RP: No, I don’t think so. I hoped it would resonate, but that kind of happened as Witness developed. In the beginning it was just a few songs my audience liked. Then it became an all-female recording project and all the women in the project felt really connected to the songs. We did the CD release show on the one-year anniversary of the election and we interspersed quotes from Hillary Clinton into the show, spoken by members of the band. People were crying in the audience and I realized how different this was from what I had been doing before. Then Witness became a theater show and it went to two Fringe Festivals. The songs got paired down from a full band and developed into a two-woman show with my friend Deidre Rodman Struck. The show was directed by my friend Irene Carroll, who is an improv comedian, and she helped me get into character and added an interactive element to make the show more theatrical. The show started with me running on stage to “Ladies and gentlemen… Hillary Clinton!” I wasn’t really sure what to expect from the project, but the more it became developed, the more it resonated with people, and the more people were crying, but also laughing and feeling relieved. I had so many great women work with me and the audiences were really moved. The project sort of took on its own life and its own energy that I don’t feel entirely responsible for.
Dana Gorzelany-Mostak: A question for you: I’m assuming after these performances people probably came up and talked to you. Was there any conversation that you particularly remember when fans engaged with you after [the show]? What they said the impact of the work was on them.
RP: A lot of folks told me that they felt like the show helped them to go back and reexperience the emotions of the 2016 election in a safe space. I think people were grateful that they could have an experience surrounding Hillary Clinton that felt fulfilling and hopeful and connected, as opposed to depressed. That is really what I kept hearing from people. People would tell me about how they campaigned for her or they would share where they were on election night, what it was like for them. Not everyone who saw the show had been a big fan of Hillary. Some supported Bernie first, but everyone was devastated by the loss. It’s something we all remember. It’s one of those national events like the Kennedy assassination—everyone will remember where they were when it happened.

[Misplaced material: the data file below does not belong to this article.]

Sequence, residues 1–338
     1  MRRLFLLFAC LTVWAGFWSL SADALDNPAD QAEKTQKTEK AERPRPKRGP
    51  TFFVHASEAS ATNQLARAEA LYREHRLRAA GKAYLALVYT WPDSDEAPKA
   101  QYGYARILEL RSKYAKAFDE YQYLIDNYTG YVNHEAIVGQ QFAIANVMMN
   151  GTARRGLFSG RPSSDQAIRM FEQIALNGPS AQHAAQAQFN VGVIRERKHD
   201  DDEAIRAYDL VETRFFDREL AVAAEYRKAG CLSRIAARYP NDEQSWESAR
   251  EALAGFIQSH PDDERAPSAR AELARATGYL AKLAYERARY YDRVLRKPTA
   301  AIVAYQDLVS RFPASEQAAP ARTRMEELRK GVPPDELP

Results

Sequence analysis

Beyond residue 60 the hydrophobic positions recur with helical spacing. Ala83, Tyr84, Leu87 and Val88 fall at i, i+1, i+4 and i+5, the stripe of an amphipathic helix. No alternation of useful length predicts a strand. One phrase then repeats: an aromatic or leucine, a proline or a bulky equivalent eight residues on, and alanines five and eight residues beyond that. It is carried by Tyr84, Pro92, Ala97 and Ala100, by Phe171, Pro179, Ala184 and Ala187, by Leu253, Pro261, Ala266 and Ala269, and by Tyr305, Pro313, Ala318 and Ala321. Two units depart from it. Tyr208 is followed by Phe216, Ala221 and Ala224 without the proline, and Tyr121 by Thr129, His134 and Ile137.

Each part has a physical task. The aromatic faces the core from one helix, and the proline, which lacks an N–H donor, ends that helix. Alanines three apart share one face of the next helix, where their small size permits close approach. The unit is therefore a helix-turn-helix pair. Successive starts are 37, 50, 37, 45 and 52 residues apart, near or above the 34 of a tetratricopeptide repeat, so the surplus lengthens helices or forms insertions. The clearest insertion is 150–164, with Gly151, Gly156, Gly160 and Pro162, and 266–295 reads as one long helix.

SG: Based on your experiences, would you say that music has unified people or do you feel like in some ways it can push people apart?
RP: Wait, you mean my music or just music in general?
SG: Music in general when it addresses political subject matter.
RP: Well, I’m still new to political music, and topical music in general. In my limited personal experience and observations of the culture at large, I think that music can unify people who are already in the same camp, strengthen their bonds, and create a general sense of goodwill and kindness. Music can give people energy and fuel to fight the fight, but I don’t think people on different teams are going to suddenly feel unified over music. We are in such a broken time. Even the National Anthem is divisive now. An American flag can feel threatening. And to do a project about Hillary Clinton—that’s not going to convince any new folks to like her, but it does bring together folks who felt traumatized by her loss. I gotta say, I’m still amazed by how much people hate Hillary Clinton. I mean, people really hate her, almost inexplicably so. So, my project has limited capacity to unify. It is definitely not going to make any new Hillary fans.